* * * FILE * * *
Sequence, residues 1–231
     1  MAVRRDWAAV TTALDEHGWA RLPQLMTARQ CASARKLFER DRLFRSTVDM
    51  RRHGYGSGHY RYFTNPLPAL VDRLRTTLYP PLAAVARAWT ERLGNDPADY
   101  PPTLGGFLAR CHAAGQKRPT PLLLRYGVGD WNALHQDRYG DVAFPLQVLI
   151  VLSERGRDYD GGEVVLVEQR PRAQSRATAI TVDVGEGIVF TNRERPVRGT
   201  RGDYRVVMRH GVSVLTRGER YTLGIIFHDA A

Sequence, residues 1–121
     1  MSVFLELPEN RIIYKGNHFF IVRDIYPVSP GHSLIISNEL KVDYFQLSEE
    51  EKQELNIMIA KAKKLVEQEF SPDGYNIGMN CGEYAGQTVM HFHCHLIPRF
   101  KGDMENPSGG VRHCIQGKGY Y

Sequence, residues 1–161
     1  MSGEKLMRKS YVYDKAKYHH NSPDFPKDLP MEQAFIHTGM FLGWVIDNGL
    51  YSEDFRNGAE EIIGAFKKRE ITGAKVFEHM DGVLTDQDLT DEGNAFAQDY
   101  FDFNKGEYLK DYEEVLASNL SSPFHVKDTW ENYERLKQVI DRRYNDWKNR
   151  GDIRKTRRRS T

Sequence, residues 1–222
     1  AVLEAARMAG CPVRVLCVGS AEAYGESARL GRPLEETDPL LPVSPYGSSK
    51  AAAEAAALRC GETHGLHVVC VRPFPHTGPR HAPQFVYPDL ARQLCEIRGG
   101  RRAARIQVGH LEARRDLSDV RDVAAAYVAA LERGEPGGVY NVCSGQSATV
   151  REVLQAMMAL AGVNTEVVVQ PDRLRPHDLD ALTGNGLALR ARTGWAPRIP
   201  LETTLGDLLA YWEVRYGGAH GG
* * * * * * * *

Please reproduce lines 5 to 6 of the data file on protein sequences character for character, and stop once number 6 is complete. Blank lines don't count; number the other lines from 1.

   151  VLSERGRDYD GGEVVLVEQR PRAQSRATAI TVDVGEGIVF TNRERPVRGT
   201  RGDYRVVMRH GVSVLTRGER YTLGIIFHDA A